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Analysis: China's quest for chip stardom

Posted: 26 Nov 2008 ?? ?Print Version ?Bookmark and Share

Keywords:China IC industry? chip market? semiconductor fabless?

iSuppli Corp. recently reported that more than 550 fabless semiconductor companies in China, but at least 100 will disappear within two years.

Vincent Gu, iSuppli China research analyst, wrote, "China's fabless IC industry is polarized with about 50 companies achieving success and the remainder struggling to survive."

This analysis parallels similar conclusions I reached working on the story, "China chip industry: The Bomb, or just a lot of firecrackers?" When I started my research, we had two simple questions in mind: Will China find a way to build its own semiconductor industry? If so, who will become China's Intel?

I've long been fascinated with the birth of national chip industries since I started my EE Times career as a Tokyo correspondent. Japan had strong government backing that helped boost its semiconductor industry, along with a strong consumer electronics sector. Tokyo's financial support and protectionist policies eventually provoked a U.S.-Japan trade war.

South Korea followed a similar set of industrial policies, including special emphasis on government support, mass production and emulating its foreign competitors. This combination resulted in vertically-integrated giants like Samsung Electronics.

TSMC boom
In searching for China's Intel, my first instinct was to look no further than Chinese engineers who spent time in the United States, then returned home. After all, the birth of Taiwan's chip industry would not have worked without talented returnees like Morris Chang, who developed a daring business model called the "foundry." The success of foundries like Taiwan Semiconductor Manufacturing Co. Ltd made Taiwan not only a hub for manufacturing chips but also a center for the development of next-generation process technologies.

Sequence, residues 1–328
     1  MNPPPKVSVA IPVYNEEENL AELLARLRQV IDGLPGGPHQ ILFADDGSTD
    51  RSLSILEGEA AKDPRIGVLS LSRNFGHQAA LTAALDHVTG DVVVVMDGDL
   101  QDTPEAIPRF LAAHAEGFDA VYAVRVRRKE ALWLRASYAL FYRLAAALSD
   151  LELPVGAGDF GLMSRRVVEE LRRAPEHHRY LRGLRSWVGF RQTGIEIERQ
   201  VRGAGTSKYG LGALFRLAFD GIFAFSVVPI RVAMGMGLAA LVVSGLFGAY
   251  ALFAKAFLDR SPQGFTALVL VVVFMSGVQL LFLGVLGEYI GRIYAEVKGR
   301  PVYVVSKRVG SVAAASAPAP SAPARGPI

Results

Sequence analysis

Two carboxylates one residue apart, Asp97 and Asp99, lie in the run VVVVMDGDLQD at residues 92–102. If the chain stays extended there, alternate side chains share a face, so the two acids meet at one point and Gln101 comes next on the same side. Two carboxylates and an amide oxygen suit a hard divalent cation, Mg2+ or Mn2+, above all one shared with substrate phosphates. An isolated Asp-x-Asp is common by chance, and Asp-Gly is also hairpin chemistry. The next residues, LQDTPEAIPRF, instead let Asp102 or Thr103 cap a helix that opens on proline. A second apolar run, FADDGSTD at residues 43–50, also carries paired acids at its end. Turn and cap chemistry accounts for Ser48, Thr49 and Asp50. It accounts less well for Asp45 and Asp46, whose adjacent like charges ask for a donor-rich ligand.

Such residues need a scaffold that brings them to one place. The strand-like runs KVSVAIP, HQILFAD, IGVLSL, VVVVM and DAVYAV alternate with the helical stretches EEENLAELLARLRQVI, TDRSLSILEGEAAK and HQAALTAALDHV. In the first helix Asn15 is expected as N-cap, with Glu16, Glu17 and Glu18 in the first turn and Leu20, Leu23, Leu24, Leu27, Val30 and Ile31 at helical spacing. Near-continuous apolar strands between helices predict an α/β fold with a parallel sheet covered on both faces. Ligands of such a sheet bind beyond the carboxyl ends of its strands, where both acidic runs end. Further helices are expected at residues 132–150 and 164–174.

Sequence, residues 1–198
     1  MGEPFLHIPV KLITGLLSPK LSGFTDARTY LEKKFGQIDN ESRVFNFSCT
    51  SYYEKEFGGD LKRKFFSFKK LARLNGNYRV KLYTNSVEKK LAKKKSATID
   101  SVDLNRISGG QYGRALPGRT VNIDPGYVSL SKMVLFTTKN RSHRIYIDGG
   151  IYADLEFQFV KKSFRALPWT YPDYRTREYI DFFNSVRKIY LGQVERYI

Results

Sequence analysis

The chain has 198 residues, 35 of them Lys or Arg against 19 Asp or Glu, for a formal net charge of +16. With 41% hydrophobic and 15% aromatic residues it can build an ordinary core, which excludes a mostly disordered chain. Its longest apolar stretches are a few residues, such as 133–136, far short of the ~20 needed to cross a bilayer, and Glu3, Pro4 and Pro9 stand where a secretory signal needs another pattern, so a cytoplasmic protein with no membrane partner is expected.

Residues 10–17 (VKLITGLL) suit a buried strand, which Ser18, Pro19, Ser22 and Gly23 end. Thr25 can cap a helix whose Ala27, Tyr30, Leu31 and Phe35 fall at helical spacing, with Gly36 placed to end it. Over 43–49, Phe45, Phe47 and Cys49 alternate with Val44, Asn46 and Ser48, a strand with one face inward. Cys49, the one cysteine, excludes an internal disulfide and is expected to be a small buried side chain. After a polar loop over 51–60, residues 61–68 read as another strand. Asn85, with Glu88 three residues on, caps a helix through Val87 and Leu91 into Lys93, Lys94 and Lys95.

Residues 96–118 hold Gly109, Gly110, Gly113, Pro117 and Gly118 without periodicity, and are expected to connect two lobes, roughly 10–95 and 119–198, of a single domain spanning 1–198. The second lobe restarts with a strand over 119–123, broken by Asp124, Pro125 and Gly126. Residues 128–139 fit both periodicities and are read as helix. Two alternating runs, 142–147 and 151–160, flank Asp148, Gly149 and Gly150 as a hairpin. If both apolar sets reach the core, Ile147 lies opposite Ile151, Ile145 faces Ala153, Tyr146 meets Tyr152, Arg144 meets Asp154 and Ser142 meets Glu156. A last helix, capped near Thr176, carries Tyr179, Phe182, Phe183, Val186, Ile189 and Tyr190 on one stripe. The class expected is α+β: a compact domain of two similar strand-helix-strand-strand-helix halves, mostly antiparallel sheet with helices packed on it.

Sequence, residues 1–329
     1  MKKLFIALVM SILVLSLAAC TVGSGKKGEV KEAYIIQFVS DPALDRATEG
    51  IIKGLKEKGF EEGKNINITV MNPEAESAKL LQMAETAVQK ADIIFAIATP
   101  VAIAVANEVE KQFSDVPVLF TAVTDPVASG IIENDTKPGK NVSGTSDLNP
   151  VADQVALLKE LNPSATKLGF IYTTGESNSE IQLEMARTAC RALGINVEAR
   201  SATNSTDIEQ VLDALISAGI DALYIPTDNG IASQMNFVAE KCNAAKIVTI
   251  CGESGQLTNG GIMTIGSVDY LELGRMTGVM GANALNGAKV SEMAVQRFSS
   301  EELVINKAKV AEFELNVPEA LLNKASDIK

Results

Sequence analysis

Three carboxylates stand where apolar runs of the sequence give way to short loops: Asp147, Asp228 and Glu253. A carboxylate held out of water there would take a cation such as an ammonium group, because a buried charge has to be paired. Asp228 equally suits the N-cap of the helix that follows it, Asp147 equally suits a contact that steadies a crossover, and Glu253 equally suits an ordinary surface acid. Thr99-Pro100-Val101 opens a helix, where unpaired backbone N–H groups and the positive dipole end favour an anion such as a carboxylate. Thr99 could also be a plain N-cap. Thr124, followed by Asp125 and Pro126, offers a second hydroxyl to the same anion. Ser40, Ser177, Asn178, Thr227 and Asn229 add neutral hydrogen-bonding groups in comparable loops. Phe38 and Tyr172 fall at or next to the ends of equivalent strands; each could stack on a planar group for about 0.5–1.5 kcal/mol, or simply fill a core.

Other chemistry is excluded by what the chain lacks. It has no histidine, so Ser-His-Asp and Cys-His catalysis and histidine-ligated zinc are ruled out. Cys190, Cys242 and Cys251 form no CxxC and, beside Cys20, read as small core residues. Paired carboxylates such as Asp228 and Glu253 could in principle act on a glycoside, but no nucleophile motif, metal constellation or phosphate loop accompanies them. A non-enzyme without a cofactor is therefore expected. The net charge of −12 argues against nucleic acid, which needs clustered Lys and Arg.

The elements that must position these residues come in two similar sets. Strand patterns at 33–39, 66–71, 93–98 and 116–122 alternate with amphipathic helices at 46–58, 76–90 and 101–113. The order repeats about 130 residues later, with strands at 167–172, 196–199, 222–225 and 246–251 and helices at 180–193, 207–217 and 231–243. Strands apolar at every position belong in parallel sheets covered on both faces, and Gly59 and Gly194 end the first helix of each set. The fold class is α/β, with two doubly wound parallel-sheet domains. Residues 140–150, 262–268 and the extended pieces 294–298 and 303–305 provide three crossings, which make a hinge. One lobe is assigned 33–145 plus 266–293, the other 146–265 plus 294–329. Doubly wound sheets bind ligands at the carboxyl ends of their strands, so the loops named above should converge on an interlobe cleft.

Taiwanese politicians are often credited with triggering the boom after they helped acquire semiconductor process technology from RCA in 1975. But TSMC's Chang has said: "That didn't mean that Taiwan entered the semiconductor industry," adding, "All it meant, this license of RCA ... was that Taiwan got the then-RCA's current technology, which was probably a generation behind the leading technology in the U.S. then. Now, after Taiwan got it ... a group of people were sent [to RCA] by Industrial Technology Research Institute and were there for several months ... they brought it back to Taiwan, and they continued to work on it in the laboratory."

Chang concluded, "It was not business. It was not production. And in 1980, they spun off a company. And so that company [United Microelectronics Corp.], of course, used the technology to some extent. And then seven years later, 1987, TSMC was started."

What fueled Asian chip development was the confluence of social, political and economic developments, including Taiwan's booming capital market in the 1980's; the collapse of U.S. basic research laboratories like Bell Labs, which released many Chinese researchers; and the Taiwan government's own chip initiatives that coaxed many Chinese engineers in the United States back to Taiwan.

"Taiwan got full benefit from Chinese returnees, and a booming capital market in the 1980's," said Alex Hui, president and CEO at Pericom Semiconductor Corp.

Many Chinese returnees were either senior executives here or were being groomed for management jobs at top U.S. semiconductor companies such as Texas Instruments, Hui said.

Will China follow?
The next logical question: Who will become the Morris Chang of China?

We haven't found one yet, but there are plenty of Chinese-born executives in the United States, learning the trade, honing their skills and eager to innovate.

Compared to countless Chinese fabless companies, enterprises run by Chinese executives headquartered in Silicon Valley do one thing very well: They retain employees. Weijie Yun, president and CEO at Telegent Systems, claimed, "We've had 60 to 70 people working in China over the past three years. Only one or two people left."

Knowing how to hold a team together in an entrepreneurial environment like China is the first step to creating a successful company.

In China, we are beginning to see the emergence of globally successful, vertically-integrated companies such as Huawei. HiSilicon Technologies Co., Huawei's former ASIC design center established in 2004, was recently ranked as the top Chinese IC maker. HiSilicon appears well connected to systems companies making network equipment, wireless terminals and digital media. Headquartered in Shenzhen, HiSilicon has design divisions in Beijing, Shanghai, Silicon Valley and Sweden.

It's just one company, but one with all the right elementsa harbinger, if you will, of a bright future for the Chinese electronics industry.

- Junko Yoshida
EE Times





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